Movie Review: ‘Bad Boys for Life’


Directors: Adil El Arbi and Bilall Fallah

Cast: Will Smith, Martin Lawrence, Joe Pantoliano, Paola Núñez, Vanessa Hudgens, Alexander Ludwig, Charles Rafe, Jacob Scipio, Kate del Castillo

Plot: When Mike Lowrey gets targeted in a series of assassinations he sets out to find out who wants him dead and goes after them.

Review: Although it was in discussion immediately after Bad Boys II, this second sequel took 16 years to arrive and comes a whopping 25 years after the original. I have no idea why this keeps happening. Actually, I do – brand name recognition is a money-maker, but between this, Mission: Impossible, Indiana Jones, Die Hard, The Expendables, Terminator, etc., etc. we’ve found ourselves in a world where the average age of action hero is 58. Smith and Lawrence are 51 and 54 respectively, putting them on the younger side of most action films not involving superheroes these days.

We join our heroes, Mike Lowrey (Smith) and Marcus Burnett (Lawrence) involved in a high speed chase through Miami on their way to welcome Burnett’s grandchild into the world. They’ve been partners for 25 years and although Lawrey has not changed, Burnett is looking at retirement. Their happy-go-lucky existence is interrupted when Lowrey is shot in a drive-by attack leaving him hospitalised for months. When other law enforcement figures begin getting murdered in the same manner the two officers start looking into the case. They get teamed with a squad of younger officers trained with new skills so they can make some generational humour. This squad is actually good fun and it would be nice if they had the chance to build some character.

Unless you’re heavily invested in Will Smith quipping while Martin Lawrence shakily tries to quip back, this movie takes a very long time to pick up momentum. The victims of the assassin might as well be randomly generated names being crossed off a list for all they matter and we’ve got no idea of the motivation driving the bad guys until the third act. The result is that we spend a solid 90 minutes treading water – Will Smith roughs up bad guys while being cool and Martin Lawrence does something unfunny. Smith beating DJ Khaled’s fingers with a meat tenderiser is pretty satisfying but there’s little here that’s memorable. Things are slowed down further by Lawrence having grown so out-of-shape that the only action scene he participates in involves him sitting in a side-car. He looks out of breath for the duration of the film. Almost like they should stop making action movies with people in their 50s.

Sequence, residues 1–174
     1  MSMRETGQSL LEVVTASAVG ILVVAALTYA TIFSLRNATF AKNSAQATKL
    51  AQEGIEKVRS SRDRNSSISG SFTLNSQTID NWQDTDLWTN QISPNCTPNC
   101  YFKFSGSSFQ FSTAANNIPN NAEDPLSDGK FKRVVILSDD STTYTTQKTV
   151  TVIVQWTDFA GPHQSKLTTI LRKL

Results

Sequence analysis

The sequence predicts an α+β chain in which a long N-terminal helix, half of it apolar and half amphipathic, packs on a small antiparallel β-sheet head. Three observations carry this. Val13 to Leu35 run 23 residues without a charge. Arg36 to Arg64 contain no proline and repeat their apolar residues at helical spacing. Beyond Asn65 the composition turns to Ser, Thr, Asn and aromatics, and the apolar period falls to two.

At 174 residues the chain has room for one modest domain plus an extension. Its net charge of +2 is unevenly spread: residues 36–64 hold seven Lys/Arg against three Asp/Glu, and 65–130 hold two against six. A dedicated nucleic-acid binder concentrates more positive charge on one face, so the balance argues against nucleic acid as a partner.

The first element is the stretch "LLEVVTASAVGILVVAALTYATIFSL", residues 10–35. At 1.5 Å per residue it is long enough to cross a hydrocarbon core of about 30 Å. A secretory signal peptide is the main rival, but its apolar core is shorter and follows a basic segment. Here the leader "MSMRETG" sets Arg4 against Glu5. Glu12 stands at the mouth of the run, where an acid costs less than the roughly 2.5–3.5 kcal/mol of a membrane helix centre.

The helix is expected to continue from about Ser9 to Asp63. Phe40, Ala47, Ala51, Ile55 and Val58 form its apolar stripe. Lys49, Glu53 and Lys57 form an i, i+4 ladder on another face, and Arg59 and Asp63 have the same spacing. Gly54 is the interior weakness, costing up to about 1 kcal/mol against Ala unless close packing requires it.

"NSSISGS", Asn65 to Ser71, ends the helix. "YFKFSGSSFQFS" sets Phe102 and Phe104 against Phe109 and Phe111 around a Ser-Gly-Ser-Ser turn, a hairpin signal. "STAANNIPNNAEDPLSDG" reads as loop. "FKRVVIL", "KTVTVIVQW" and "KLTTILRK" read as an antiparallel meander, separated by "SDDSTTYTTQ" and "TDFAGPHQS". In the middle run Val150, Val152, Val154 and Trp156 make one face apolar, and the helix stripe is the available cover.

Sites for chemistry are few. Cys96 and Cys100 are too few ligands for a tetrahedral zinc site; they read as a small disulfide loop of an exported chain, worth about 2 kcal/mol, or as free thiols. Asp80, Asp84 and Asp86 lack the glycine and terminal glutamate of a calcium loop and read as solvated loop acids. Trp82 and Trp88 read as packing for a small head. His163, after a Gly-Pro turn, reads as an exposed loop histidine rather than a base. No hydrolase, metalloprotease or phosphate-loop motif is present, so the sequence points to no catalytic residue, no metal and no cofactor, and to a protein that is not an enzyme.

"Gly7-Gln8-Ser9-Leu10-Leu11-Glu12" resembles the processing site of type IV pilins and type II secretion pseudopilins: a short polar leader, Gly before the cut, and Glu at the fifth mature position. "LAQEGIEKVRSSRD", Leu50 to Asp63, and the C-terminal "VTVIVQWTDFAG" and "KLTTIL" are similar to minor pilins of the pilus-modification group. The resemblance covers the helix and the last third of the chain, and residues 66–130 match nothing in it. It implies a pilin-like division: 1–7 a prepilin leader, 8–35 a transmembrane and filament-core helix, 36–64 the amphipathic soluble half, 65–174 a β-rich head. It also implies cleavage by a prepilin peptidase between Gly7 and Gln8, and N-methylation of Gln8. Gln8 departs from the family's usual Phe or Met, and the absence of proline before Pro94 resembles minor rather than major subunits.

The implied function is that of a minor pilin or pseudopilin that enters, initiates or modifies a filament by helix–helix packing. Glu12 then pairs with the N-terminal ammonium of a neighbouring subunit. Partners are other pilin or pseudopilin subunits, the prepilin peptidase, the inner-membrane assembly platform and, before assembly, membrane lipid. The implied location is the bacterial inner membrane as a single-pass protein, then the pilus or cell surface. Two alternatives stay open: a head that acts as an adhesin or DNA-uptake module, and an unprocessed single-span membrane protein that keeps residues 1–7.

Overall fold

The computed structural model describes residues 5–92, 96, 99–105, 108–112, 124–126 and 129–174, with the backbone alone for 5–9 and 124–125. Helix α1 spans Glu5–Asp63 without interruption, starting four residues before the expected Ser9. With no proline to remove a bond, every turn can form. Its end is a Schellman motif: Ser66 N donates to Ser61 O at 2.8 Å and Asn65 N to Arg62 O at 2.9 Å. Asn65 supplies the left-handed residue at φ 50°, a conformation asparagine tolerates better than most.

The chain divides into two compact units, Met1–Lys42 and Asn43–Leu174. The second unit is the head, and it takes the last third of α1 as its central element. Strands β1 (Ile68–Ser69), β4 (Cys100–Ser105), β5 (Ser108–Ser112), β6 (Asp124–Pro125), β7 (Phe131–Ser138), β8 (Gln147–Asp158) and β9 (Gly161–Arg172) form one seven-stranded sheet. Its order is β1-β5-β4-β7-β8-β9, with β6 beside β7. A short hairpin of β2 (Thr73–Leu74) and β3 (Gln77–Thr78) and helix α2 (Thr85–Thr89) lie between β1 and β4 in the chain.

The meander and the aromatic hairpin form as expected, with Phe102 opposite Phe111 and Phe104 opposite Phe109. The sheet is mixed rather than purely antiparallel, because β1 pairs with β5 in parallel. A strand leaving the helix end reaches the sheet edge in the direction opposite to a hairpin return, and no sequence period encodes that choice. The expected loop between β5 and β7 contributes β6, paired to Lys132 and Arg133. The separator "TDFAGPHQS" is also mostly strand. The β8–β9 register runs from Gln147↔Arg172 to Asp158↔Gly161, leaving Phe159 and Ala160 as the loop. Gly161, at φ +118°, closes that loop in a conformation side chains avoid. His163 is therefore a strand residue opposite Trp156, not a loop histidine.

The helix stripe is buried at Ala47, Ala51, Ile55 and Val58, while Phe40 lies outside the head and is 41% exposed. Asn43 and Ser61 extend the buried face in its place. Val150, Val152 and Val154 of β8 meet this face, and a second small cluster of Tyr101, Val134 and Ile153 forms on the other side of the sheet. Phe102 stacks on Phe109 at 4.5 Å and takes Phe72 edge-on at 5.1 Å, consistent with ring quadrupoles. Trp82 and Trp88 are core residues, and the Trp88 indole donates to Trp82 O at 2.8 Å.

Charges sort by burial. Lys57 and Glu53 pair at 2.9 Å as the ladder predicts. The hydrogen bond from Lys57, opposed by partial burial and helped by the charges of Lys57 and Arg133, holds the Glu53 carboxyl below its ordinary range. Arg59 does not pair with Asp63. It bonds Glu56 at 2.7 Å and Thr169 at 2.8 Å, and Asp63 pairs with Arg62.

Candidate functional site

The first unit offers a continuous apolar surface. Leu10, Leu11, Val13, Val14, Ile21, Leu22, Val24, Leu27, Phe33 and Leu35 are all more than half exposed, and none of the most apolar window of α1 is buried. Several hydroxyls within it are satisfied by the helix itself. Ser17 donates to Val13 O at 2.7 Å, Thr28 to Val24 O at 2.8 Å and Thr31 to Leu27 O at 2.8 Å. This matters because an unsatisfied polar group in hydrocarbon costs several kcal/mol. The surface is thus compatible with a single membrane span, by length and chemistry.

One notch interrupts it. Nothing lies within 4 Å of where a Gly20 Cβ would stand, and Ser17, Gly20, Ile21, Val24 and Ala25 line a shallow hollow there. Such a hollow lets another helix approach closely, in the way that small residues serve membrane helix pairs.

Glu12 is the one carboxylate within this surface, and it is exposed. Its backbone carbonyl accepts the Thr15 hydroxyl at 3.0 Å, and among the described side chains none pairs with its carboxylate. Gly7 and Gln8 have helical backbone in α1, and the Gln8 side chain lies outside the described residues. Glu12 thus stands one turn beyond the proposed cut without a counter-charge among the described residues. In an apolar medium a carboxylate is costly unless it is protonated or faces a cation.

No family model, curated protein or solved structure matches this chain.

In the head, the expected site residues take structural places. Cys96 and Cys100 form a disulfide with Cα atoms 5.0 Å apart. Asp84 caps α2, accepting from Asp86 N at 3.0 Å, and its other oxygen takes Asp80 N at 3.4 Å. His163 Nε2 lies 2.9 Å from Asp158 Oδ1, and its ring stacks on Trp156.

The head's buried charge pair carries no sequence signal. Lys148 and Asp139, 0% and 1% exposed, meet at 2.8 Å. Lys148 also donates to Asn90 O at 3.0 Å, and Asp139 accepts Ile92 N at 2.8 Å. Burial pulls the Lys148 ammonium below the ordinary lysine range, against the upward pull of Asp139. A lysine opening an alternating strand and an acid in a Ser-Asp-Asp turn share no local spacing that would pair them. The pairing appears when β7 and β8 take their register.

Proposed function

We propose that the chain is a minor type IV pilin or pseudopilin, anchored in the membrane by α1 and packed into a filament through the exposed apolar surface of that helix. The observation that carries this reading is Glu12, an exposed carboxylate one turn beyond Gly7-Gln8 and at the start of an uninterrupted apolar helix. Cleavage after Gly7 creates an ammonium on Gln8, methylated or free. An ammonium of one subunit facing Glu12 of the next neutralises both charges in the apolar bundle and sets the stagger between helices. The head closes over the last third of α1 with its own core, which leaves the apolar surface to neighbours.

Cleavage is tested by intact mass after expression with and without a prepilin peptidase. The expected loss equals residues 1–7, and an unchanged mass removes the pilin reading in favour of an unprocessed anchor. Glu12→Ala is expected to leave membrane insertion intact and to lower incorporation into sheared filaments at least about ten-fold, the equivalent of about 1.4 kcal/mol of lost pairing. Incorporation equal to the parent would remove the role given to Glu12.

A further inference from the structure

When we do learn something about the bad guys it is unexpected and an interesting turn of events. Apart from a misguided desire to turn this into a final stage twist, there’s no reason why this couldn’t have been introduced much earlier in the movie. Without wanting to give anything away, this was a really good way to escalate the conflict and it could have formed the basis of an original and interesting scenario for these characters. Without it, it feels like a generic buddy-cop action movie.

Smith and Lawrence aren’t the hot new stars that added to the success of Bad Boys, and rather than an action director with a unique style working at their peak we have two guys working to emulate something that was hot 20 years ago. It’s a competently made film, but it’s not powered by creativity or new ideas. It only exists for nostalgia.

Rating: FIVE out of TEN